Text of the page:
If you’re considering selling your home, or even if you plan to stay a while, you'll want to give some attention to outside. The Curb Appeal. In most cases, all you need is a little elbow grease to make a big difference.
The front door should give a strong ‘Welcome Home’ messager. A fresh coat of paint is a must, new door knobs and hardware, if the old ones are worn, and a new kick plate if appropriate. Studies show that red is a favorite color, if it fits in with the style and colors of the home and the neighborhood. Be sure to check with the covenants or homeowner association guidelines.
Creating a focal point at the front door by adding a wreath of flowers, or hanging planters or potted annuals. Adding a cozy chair or bench is a nice touch if there is room. The entrance should not be cluttered and have enough room for at least a couple of people to stand side-by-side.
Wooden trim must be repaired of wood rot and freshly painted. Wood rot is a tell-tail sign to buyers that the home might have other items of deferred maintenance.
Overgrown bushes and low-hanging branches can also be a signal to buyers that there might be a lack of maintenance. Trim bushes and trees and put a layer of new mulch on beds. If you can’t plant some colorful flowers, put some potted flowers near the doorway, for a friendly, welcoming touch.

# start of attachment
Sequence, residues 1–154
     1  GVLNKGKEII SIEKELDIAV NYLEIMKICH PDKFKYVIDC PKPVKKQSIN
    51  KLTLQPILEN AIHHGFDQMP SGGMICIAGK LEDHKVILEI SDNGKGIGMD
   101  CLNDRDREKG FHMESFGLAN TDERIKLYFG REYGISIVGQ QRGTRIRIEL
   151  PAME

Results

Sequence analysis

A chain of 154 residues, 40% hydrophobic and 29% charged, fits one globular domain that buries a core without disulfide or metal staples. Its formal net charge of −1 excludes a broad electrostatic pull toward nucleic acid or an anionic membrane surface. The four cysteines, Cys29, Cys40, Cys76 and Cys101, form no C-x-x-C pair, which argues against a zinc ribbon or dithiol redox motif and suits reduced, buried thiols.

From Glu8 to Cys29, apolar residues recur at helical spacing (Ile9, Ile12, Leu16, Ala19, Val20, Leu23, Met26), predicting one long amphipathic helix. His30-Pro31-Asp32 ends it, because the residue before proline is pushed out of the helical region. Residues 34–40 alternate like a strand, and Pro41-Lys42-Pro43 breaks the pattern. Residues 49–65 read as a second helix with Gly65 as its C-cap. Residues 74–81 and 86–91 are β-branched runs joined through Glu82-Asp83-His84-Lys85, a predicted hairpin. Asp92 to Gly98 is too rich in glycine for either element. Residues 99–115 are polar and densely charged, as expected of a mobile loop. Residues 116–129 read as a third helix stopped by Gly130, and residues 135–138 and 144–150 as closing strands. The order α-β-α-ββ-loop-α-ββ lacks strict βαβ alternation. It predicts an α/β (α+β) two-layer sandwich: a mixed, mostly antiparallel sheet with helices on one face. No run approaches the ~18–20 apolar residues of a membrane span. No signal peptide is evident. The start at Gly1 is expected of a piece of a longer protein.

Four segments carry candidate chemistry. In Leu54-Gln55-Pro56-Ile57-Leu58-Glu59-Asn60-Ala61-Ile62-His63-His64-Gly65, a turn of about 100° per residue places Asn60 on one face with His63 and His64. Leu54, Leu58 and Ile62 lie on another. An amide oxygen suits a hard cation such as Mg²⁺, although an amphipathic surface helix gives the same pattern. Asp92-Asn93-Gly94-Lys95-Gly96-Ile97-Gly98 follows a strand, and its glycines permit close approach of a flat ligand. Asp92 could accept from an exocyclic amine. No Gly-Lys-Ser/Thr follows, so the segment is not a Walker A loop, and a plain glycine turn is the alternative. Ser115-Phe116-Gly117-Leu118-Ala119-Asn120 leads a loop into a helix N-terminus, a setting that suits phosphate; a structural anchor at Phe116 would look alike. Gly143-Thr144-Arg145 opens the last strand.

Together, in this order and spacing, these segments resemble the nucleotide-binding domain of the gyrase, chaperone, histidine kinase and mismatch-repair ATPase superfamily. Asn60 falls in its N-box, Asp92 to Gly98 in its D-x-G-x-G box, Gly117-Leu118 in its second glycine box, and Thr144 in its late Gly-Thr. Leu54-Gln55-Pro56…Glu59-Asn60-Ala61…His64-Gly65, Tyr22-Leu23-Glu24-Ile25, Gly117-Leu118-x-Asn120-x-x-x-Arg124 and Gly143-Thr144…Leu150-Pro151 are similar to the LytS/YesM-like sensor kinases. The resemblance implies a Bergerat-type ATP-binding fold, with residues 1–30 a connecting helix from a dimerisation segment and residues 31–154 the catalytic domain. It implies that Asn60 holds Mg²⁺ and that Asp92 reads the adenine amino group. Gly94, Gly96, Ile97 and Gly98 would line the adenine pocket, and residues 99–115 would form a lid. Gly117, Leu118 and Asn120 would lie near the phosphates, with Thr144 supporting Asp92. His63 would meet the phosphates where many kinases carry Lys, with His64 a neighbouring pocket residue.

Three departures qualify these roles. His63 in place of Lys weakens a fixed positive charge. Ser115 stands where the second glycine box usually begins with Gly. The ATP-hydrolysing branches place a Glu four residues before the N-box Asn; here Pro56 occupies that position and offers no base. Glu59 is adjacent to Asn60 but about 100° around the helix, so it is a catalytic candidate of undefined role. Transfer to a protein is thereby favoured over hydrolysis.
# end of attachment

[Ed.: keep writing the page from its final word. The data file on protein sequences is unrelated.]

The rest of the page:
Keep the entrance well-lit for night-time showings. After you’ve spent all this effort on your curb appeal, you don’t want buyers to miss it in the dark. You also don’t want any accidents. Inspect your entrance lighting and replace if necessary. There are many affordable lighting solutions to be found in home improvement stores.
Power washing mold and algae off of outdoor surfaces is important, as mold shouts deferred maintenance to most buyers. Power wash dirt build-up on driveways, walkways, stoops, porches, siding and decks, making a clean, sparkling impression. You can easily rent a power washer for a day and take care of a lot of dirt.
Make sure the windows are clean, inside and out. When showing your home, you want as much natural light as possible to enter. You also don’t want buyers being distracted by dirt-filtered light…anyone who has dogs…you know what I mean!
Paint faded shutters to make a clean fresh look. Re-think windows that are without shutters, keeping symmetry in mind. Staining or painting siding may be necessary if the house is faded and dingy.
Make grass as lush as possible, as soon as possible. Start using a product like Scott’s Weed and Feed right away, so your lawn will be in great shape. And it may go without saying, but keep the lawn mowed when you have your home on the market. It may sound like a small thing, but a ratty-looking mailbox will really stand out once you’ve done all the other sprucing up. Home supply stores carry lots of types so that you should be able to find one that fits your home’s style for a reasonable cost.